The Importance of Getting Mud between Your Toes: The Thornton Burgess Society Celebrates a Centennial
by Mary Beers
Painted Turtle, photograph by Abby Kelley, age 8
From a childhood running wild in the woods and fields of Little Compton, Rhode Island and Elizabethtown, Kentucky, seeds were planted that grew into a passion for the natural world. My past has led me to this sweet oasis on Cape Cod but my love of Thornton Burgess has kept me here.
May 2010 arrived on Cape Cod with unusually warm days and thankfully cool nights. May marked my 23rd year of employment for the Thornton W. Burgess Society (http://www.thorntonburgess.org), a small nature center nestled on Cape Cod. It's been a year of reflection, once the initial shock of the sheer number of years wore off.
I have never been in one job so long in my life. My past jobs were all so radically different from my current position. How did I ever go from shoe department clerk to telephone information operator to nun to teacher naturalist?
I could easily blame the science department at Bridgewater State College for inspiring me so intensely that I would ditch my social work degree track and dive into biological science.
It is a blessing and a curse to stay in one place for a long period of time. I have had great blessings here. Many of my current students have parents who, as children, came to my classes.
I've had some wonderful students who are now in their mid-thirties and still come by to visit. A few of them have even chosen careers in science and the environment.
The curse is that I have also seen a change in the way parents and grandparents view the outdoor experiences offered here at the Thornton W. Burgess Society.
When I first came to Burgess, I was lucky enough to work with some great naturalists who helped me grow into the get-down-and-dirty naturalist I am today.
Parents and grandparents never questioned the mud between the child's toes; they would instead question whether their child had a good time if that child was not returned to them caked in muck and mud.
Times are different now. I see parents arrive with heavy baggage, filled with concerns and worries. Their children are withdrawn and timid, afraid of what might be lurking under that log.
Just recently I had a grandmother go ballistic because her grandson was wet and muddy after a class entitled "Marsh Muckers." Her call to the Society for a refund was fueled by concerns about the dangers of rip tides and the potential for drowning.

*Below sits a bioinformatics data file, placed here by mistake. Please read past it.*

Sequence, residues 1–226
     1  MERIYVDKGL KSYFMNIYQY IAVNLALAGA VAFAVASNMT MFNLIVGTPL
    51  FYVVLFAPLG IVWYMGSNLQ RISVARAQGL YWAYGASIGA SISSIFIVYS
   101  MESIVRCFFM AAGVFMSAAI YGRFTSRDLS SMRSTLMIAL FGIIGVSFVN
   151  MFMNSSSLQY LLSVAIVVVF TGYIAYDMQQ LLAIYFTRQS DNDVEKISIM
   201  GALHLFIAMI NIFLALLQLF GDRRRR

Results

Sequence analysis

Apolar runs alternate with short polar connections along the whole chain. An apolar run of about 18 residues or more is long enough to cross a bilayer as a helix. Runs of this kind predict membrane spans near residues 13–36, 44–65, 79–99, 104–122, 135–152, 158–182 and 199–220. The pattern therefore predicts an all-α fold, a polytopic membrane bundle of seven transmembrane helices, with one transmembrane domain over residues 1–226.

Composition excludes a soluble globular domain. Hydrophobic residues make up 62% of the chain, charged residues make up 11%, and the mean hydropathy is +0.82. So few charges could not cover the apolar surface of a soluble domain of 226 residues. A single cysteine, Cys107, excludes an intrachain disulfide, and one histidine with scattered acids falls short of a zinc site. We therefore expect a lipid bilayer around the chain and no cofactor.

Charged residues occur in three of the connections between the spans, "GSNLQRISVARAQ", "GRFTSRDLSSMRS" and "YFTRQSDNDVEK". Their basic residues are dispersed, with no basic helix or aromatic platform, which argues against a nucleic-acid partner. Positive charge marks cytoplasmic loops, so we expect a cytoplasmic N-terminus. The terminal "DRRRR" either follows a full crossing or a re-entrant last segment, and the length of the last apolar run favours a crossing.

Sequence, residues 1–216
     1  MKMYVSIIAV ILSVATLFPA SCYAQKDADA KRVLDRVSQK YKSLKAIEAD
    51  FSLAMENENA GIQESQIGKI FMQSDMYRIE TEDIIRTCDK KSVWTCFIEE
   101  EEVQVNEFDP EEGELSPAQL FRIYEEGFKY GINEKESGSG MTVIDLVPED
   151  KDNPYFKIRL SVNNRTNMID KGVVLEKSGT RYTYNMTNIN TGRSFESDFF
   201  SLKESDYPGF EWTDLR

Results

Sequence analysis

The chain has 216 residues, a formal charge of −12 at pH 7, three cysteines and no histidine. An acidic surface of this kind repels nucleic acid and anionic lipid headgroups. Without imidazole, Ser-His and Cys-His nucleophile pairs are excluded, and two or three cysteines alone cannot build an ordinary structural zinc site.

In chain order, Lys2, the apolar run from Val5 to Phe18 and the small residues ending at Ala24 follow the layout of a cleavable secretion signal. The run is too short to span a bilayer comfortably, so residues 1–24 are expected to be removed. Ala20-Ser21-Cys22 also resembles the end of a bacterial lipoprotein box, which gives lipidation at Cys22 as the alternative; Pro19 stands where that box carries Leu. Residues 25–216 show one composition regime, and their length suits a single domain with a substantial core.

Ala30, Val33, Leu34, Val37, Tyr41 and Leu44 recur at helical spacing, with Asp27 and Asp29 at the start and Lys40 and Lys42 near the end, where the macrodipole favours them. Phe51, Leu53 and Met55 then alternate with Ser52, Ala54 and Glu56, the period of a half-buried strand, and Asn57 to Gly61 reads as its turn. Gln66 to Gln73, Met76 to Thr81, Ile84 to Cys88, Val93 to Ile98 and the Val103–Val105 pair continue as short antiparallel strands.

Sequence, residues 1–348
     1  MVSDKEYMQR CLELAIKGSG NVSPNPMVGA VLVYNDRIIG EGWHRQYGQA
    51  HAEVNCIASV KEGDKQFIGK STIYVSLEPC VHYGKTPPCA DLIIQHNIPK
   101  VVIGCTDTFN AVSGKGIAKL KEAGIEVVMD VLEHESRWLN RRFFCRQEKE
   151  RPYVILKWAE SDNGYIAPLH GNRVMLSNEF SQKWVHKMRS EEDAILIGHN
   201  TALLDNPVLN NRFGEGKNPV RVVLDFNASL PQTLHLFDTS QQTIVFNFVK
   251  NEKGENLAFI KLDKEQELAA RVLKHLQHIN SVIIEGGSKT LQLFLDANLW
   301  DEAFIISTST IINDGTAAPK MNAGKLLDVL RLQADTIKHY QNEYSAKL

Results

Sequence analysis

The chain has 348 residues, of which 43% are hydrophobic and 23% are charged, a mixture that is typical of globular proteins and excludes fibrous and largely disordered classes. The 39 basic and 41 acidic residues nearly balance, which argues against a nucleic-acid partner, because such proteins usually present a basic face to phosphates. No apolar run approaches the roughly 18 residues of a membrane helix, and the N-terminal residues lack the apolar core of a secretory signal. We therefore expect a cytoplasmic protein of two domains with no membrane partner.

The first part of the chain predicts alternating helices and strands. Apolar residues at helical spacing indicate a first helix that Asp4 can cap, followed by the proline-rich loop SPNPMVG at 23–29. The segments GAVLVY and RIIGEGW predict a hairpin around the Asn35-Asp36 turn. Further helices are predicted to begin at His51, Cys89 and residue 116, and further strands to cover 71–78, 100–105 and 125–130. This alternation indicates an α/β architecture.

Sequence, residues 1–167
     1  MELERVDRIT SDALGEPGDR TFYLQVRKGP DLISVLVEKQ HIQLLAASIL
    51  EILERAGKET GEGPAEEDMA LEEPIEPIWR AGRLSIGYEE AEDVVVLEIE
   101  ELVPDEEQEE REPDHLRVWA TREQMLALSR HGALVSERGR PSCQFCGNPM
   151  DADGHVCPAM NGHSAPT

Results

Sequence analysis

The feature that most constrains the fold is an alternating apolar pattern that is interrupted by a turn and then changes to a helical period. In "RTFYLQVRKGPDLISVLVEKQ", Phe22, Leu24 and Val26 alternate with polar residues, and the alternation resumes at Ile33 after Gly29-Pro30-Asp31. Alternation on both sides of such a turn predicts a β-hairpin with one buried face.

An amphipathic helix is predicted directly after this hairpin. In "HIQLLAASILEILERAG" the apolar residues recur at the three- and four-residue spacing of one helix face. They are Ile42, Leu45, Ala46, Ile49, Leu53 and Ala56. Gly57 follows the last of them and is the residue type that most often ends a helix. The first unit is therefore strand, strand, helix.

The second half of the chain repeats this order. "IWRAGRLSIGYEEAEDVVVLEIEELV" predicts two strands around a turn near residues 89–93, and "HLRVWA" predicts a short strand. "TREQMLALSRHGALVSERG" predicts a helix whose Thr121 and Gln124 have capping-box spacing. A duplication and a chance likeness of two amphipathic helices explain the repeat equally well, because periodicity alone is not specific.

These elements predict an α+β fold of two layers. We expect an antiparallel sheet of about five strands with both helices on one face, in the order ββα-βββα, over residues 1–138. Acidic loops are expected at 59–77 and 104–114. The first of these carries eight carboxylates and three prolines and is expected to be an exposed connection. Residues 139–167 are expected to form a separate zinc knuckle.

"to inspire reverence for wildlife and concern for the natural environment"
In reality, the eight children were not allowed above their knees and we teachers were right in the low tide water of the marsh creek with them. What bothered me most was that this child definitely needed to be in my class.
He needed exposure to the wonders of nature to instill in him a respect for life, whether it was the beetle he tried multiple times to kill or the crab which did not escape.
Respect for all life is a thread throughout the literature of Thornton Burgess. His love of the little wild folk is so evident in his animal tales.
In his autobiography, Now I Remember, Burgess tells the story of his first gun and the chickadee whose body he held out proudly to his mother. He speaks of how he looked at the dead bird and remembered the great times he had watching chickadees and their antics. His eyes became tearful as the impact of what he had done grew clear in his heart.
Jerry Muskrat, photograph by Abby Kelley.
This year marks the 100th anniversary of Old Mother West Wind written by Cape Cod native Thornton W. Burgess. This nature book, the first of many penned by Burgess, introduced children to a wide variety of local animals, their habits and habitats.
Born in Sandwich in 1874, Mr. Burgess achieved international fame as a children's author, conservationist and naturalist. He was a staunch advocate of habitat preservation and championed respect for all living things.
During his long literary career, Burgess authored over 170 nature books and published over 15,000 stories in 200 newspapers across the country. Many books were translated in Braille, Chinese, Gaelic, Swedish, German, French, Spanish and Italian.
During this centennial year, I'm enjoying working with young readers enrolled in our Burgess Book Club. It is so much fun facilitating a group discussion on the month's book then introducing them to animals and habitats mentioned in the stories. These children inspire me to continue my mission here.
Life is a precious gift best lived fully and passionately, with frequent opportunities for mud between your toes, twigs in your hair and seeds stuck to your socks.
Mary Beers is the Education Director for the Thornton W. Burgess Society. She lives in Sandwich with her husband Don and daughter Jenny.
Special Centennial Fall Events
For a complete listing of Centennial Events go to www.thorntonburgess.org/CentennialEvents.htm
For more Program Information go to www.thorntonburgess.org/ProgramSchedule.htm
Old Mother West Wind, first edition book from the Thornton W. Burgess Society collection.
The Thornton W. Burgess Society is a non-profit educational organization founded in 1976 to carry on the pioneering conservation work of author/naturalist Thornton W. Burgess (1874 - 1965).
Mr. Burgess, who was born and grew up in Sandwich, MA., went on to achieve national and international recognition for his children's stories that teach lessons of conservation and love of wildlife.
The Thornton W. Burgess Society operates three facilities: The Thornton W. Burgess Museum, on the shores of Shawme Pond on Water Street (Rte 130) in Sandwich village; the Green Briar Nature Center and Jam Kitchen, at 6 Discovery Hill Road (off Rte. 6A) in East Sandwich; and the East Sandwich Game Farm.
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